Fall Well

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Failure is something that has always been hard for me to deal with. I remember when I first became a sponsored skateboarder, if I went to a skate park and had a bad day, or went filming and was too afraid to try a trick that I knew I could do, I would get really discouraged and tell myself that I was a terrible skateboarder and that I shouldn’t be sponsored. A sponsored skateboarder has a brand that they are representing every time they get on a board, and when people hear that someone is sponsored, they expect to be impressed with their abilities. If I felt like I wasn’t living up to people’s expectations or representing the company in a way that I felt like I should, then I would think to myself, “well I obviously shouldn’t be sponsored.” These expectations and standards that I felt like I constantly had to uphold and live up to drove me nuts and made me want to quit the company every time I became discouraged. The owner of the company I ride for (Embassador Skateboards) had to constantly assure me that I was good enough to ride for him and make sure I didn’t quit because of my lack of being able to deal with failure. This whole experience taught me a lot about how important it is to be able to deal with failure and not get discouraged when we don’t feel “good enough.”

One thing I’ve noticed about skateboarding, is that people that are really good are always good at falling. They know how to fall in the right way so they don’t get hurt, and they are able to take a hard fall and get back up and try it again. What has allowed them to get so good is that they have learned how to work through the failures in order to get them where they want to go. Sometimes it takes hours to do something new, and if a skateboarder can’t fall well then they will never be able to give those tricks the necessary amount of tries that it takes to do it. They will just always be giving up as soon as they take a fall and would never grow as a skateboarder. Great skill in landing tricks, is always coupled with a great skill in falling.

As Christians, there is also a lot that is expected of us. Christ says in Matthew 5:48, “You therefore must be perfect, as your heavenly father is perfect,” and in Matthew 5:16, “Let your light shine before others, so that they may see your good works and give glory to your father in heaven.” The worst part about that verse is the “before others,” for that is where all the anxiety stems from. A sponsored skateboarder has a brand to represent and market to skateboarders, and a Christian has a God to represent and market to the world. The things that we are expected to uphold can be very heavy and burdensome, and as a new Christian, I tended to stress out over the things that were expected of me. Every time I fell short I would feel terrible and feel like I wasn’t fit to be a Christian, and was somehow blowing it for everyone and giving Christianity a bad name. But Paul says in Romans 3:23, “For all have sinned and fallen short of the glory of God,” and in Romans 8:1, “There is no condemnation for those that belong to Christ Jesus.” As a Christian and as sponsored skateboarder, I had to learn how to fall well – to not get discouraged when I failed to live up to the expectations. All God asks of us is to give Him our best efforts, and his grace covers us when we fall short. Something that really helped assure me in this was Micah 6:8, “He has shown you O man what is good, and what does the LORD require of you but to walk justly, to love mercy, and to walk humbly with your God.” When Jesus says, “you must be perfect,” he is setting a high standard to aim for so we never settle for mediocrity, and he gives us verses like those in Romans and Micah to assure us that He doesn’t ever really expect us to reach perfection, just to never settle for mediocrity; to keep in mind that we should always be growing and improving. Frank Chavez, the owner of Embassador always tells me, “it is better to aim high and fall a little short than to aim low and reach it.” To fall well as a Christian is to understand that Christ expects us to always push ourselves to be better, but that he loves us enough that we don’t need to get discouraged and loathe in our failure when we mess up. The great paradox of Christianity is that we are loved and accepted just as we are, but at the same time are expected to always be working on ourselves. It is crucial that we learn to fall well in every aspect of our life, for otherwise we will never have the skill to deal with failure, and without that, we will never become good or able to develop in anything.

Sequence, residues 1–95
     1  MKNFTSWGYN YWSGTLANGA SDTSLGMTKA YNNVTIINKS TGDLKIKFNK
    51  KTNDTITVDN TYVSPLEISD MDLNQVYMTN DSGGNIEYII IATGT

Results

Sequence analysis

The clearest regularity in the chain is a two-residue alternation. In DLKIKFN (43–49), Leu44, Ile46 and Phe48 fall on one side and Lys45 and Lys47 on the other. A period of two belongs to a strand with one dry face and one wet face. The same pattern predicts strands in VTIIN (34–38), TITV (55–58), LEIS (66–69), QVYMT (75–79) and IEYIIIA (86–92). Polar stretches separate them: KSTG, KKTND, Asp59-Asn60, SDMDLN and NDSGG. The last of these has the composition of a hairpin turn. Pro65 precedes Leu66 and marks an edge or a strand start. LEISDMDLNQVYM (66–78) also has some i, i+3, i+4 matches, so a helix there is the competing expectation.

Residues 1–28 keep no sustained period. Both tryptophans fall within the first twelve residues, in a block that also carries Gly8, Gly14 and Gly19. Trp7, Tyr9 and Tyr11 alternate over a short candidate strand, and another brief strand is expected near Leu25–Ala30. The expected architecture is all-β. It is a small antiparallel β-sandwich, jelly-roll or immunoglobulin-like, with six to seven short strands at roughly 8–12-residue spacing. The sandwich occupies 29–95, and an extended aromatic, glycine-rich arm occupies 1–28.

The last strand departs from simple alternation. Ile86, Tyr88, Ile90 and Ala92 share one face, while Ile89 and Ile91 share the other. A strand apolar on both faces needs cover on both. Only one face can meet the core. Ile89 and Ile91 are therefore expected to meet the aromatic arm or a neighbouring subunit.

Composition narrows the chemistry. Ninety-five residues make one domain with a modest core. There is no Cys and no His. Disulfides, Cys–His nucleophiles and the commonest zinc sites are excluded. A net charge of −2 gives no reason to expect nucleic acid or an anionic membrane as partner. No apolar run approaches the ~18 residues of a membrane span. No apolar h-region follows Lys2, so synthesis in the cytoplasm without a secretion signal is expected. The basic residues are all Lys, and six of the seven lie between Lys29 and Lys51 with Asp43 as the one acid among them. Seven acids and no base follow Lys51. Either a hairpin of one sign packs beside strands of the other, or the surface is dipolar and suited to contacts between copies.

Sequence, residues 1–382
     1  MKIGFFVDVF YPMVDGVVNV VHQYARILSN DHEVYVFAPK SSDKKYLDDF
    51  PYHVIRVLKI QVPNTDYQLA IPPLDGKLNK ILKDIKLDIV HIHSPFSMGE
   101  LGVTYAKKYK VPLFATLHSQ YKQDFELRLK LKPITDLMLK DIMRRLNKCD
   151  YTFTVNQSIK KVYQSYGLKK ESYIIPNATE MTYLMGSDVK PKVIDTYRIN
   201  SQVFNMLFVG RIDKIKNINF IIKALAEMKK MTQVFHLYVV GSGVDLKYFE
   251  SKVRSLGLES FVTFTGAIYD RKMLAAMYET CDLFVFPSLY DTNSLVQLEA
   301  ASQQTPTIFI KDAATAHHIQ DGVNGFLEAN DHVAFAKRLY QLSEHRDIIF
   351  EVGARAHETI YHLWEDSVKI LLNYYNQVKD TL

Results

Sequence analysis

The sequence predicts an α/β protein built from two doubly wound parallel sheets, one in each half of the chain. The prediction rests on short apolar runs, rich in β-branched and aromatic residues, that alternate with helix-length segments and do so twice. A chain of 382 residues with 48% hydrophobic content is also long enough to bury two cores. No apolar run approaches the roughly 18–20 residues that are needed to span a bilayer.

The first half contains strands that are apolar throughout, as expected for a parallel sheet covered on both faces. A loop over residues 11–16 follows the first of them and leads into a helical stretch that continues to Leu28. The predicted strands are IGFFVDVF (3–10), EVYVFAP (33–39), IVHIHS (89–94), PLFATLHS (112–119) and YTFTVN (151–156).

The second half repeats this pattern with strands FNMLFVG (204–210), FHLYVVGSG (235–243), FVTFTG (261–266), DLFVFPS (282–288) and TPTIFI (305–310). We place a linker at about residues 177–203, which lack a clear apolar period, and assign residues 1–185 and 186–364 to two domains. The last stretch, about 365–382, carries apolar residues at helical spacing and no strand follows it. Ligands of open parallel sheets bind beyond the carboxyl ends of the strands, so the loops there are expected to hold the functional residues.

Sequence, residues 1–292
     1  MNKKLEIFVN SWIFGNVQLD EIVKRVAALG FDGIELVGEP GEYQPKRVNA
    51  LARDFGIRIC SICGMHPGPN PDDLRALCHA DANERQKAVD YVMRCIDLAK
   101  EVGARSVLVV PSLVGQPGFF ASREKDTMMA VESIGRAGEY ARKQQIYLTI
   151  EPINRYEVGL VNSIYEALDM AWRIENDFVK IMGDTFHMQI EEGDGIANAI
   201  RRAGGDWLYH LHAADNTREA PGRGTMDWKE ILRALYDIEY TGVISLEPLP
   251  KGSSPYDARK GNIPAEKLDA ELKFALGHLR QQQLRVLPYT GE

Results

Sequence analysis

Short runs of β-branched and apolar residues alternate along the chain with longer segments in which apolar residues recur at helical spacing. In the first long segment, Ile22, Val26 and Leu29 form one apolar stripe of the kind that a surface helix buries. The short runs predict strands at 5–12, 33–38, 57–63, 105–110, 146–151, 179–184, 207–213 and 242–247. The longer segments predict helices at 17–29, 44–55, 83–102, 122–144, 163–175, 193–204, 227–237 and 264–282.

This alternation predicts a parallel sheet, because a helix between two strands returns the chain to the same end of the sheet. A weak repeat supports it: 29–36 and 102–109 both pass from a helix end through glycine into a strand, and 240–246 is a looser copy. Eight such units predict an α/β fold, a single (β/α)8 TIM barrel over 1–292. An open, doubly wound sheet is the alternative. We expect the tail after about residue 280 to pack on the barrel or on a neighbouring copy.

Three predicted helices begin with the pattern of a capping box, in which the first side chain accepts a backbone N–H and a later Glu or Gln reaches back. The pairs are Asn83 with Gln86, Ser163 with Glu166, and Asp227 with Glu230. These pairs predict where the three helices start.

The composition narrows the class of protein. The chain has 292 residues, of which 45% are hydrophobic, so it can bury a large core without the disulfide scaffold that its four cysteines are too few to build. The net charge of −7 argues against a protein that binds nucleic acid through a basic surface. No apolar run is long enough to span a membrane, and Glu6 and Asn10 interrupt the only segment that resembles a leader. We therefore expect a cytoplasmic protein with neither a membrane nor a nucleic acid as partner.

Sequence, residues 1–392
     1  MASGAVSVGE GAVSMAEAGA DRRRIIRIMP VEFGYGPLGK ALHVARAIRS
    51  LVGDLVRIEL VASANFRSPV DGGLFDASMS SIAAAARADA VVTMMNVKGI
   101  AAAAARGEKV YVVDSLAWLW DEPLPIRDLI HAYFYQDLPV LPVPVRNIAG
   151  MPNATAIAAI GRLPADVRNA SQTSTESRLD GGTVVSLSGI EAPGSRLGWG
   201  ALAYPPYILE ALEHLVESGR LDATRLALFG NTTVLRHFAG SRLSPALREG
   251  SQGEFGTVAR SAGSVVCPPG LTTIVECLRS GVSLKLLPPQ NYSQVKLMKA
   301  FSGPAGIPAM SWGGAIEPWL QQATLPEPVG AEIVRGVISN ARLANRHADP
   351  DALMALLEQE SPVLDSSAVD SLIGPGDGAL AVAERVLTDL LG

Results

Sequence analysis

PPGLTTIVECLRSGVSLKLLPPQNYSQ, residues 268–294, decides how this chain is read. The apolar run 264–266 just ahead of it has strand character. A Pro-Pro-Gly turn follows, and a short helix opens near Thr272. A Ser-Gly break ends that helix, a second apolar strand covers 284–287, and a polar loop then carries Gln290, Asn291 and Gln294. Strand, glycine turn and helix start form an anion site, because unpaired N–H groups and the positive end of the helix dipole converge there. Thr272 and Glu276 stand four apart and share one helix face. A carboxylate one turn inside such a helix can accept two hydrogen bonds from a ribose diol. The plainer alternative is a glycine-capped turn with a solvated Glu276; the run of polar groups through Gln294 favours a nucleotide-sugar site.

Reflection Questions:

How can we grow and develop in our skill of falling as Christians?

I heard a quote from someone anonymous once that said, “the biggest cause of atheism in the world today, is christians.” It was quotes like this that gave me a lot of anxiety as a young christian. How can we be mindful of this, but at the same time not beat ourselves up over our failures?

Throughout Church history there has been a lot of tension and debate of how we reconcile both Ephesians 2:8-9, “It is by grace we are saved through faith, not by works,” with James 2:20, “faith without works is dead.” How do these two compliment each other instead of being at odds with each other? Think of the great paradox of christianity that is mentioned above.

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